As guests expect more for free, hoteliers are having to become increasingly inventive with in-room charges to fill the hole, says Derek Picot.
Times are challenging for hoteliers. International business travellers are pushing for more and more benefits from their room rate, while sources of profit disappear for the hoteliers. First it was mobile phones decimating the hotel’s telephone revenues. Then its replacement – charging for the internet – became more difficult as travellers demanded it for free. To put all this in perspective, 20 years ago, a 200-bedroom hotel might comfortably make as much as 8 per cent of its total profit from in-room services. Now they face a hole that has to be covered from other sources.
Cunning hoteliers who specialise in the dark art of making money from technology and in-room refrigeration were thrown a challenge. It took a little thought, but there was a breakthrough.
The first was to introduce two internet speeds. Slow speed for free, faster charged at a premium. This, of course, came about because of the realisation that 60 per cent of all downloads were not for email traffic but for movie sites, which incidentally means no one is paying for the in-room films anymore.
A little while back I had to provide an analysis for a hotel chain to determine the degree that free internet usage was influencing the decline of pay-for movie income. The client wanted to know how much revenue could be compensated by offering chargeable high-speed broadband. Most hotels have their in-room systems provided free of charge against commission on pay movie income. The client’s concern was, if this dropped too far, they would be expected to pay for the equipment – a hefty charge if you think about all those rooms requiring flatscreen televisions and connections. The analysis showed there was a distinct decline in people watching the movies, though pay-per-view adult movie revenues were still strong at weekends with leisure guests. My research revealed that there were also certain nationality trends, and demonstrated that while the British may follow the general purchasing trend, if there was a Premier League football match on, their preference was to watch it rather than seek other entertainment.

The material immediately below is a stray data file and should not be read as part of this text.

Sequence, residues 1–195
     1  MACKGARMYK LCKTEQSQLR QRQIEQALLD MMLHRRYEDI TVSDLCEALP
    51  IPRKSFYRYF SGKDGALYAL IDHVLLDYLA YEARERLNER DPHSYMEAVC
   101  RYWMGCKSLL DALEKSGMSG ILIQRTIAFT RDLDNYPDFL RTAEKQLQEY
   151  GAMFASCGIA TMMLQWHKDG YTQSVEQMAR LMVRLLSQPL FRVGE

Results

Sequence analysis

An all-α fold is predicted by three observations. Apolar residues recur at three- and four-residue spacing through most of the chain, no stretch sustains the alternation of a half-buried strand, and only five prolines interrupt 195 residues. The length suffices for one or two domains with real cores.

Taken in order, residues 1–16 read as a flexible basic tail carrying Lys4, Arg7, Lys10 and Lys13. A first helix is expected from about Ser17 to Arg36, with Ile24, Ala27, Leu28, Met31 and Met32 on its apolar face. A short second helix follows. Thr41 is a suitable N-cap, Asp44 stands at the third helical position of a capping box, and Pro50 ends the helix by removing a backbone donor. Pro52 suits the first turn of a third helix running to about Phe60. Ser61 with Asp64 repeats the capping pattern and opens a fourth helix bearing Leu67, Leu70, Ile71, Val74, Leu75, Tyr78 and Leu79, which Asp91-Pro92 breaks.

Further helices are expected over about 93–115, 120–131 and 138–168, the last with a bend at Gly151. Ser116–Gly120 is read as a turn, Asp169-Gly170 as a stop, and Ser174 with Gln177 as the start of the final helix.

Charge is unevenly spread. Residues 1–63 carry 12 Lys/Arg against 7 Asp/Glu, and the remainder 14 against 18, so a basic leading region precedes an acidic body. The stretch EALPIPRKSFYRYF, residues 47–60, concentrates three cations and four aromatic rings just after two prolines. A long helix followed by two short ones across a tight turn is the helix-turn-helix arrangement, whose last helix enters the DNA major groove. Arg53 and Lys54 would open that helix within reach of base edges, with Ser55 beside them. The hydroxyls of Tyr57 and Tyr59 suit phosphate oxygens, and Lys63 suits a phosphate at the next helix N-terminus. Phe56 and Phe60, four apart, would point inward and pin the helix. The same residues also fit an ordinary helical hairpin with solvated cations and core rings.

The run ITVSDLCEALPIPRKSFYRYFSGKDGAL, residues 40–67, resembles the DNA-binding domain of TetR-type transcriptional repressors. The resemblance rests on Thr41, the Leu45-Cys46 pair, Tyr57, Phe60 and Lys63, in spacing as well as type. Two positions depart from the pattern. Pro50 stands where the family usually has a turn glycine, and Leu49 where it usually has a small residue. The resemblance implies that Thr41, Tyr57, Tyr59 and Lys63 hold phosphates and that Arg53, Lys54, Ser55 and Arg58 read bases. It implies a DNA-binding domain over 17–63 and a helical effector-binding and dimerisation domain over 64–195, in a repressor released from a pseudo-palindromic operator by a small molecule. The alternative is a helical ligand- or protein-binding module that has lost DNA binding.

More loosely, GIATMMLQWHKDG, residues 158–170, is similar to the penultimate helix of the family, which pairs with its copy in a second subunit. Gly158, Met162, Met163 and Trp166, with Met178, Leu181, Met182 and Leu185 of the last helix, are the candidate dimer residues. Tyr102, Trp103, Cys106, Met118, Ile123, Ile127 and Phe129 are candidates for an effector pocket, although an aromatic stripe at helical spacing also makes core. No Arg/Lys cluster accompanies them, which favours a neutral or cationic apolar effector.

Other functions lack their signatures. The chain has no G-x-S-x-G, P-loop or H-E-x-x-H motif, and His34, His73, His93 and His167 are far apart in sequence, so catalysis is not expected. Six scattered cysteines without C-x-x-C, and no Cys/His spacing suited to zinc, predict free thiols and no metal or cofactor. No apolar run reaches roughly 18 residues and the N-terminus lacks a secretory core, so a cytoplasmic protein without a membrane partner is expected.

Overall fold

In search of other ways to reverse the revenue decline from television and communication services, the focus has returned to the minibar. As a general rule, greater temperance in corporate life means minibar use is also declining – it is a “break even” operation at best. The cost of having a staff member check rooms and replace glasses every day absorbs potential profit.
Readers will have encountered automated bar systems to help inventory control. These allow automatic billing and also tell staff which rooms need re-stocking and when. It doesn’t really save the staff cost, though. Guests use the bar for the “wrong” reasons – to store medicine, cheese, milk and a menagerie of personal items. Inevitably, these get left behind to the horror of the next arrival, who generally takes a dislike to syringes and curdled dairy products. On top of that there appears to be a breed of guest that takes simple pleasure in drinking the minibar contents and then refilling the bottles with various similar-coloured liquids (don’t ask). The result is that each bar still has to be checked daily. The key to financial success for the savvy hotelier is to persuade the customer to steal less and spend more.
Recently, I stayed in a hotel in the States where, for a premium, the minibar was included. I was disappointed to find that it was only stocked with soft drinks and a couple of beers. The concept had one advantage; it was serviced when the room was cleaned and saved me from the daily visit of an attendant to check the bar. However, my feeling of benevolence was diminished by irritation at having to order my nightcap from room service. The time taken for delivery, the tip, tax and charge cost me both angst and cash. But money was being made.
Now we’ve seen the rise of the honesty bar. In upscale rooms, you can drink as much as you like from bottles in your room with the cost assessed at the end of the stay. It seems to work, but it doesn’t come close to recovering what has been lost in profit from the days of outrageous telephone charges and overpriced mini cans of coke.
I predict there will be some new ideas. The note encouraging you to “Save the Planet”, for instance. Rather than requesting you reuse towels, it will ask that you use them sparingly or not at all. Perhaps they will offer a discount if you bring a sleeping bag. And as for the air-conditioning, now there’s an opportunity.
Derek Picot has been a hotelier for more than 30 years, and is author of Hotel Reservations.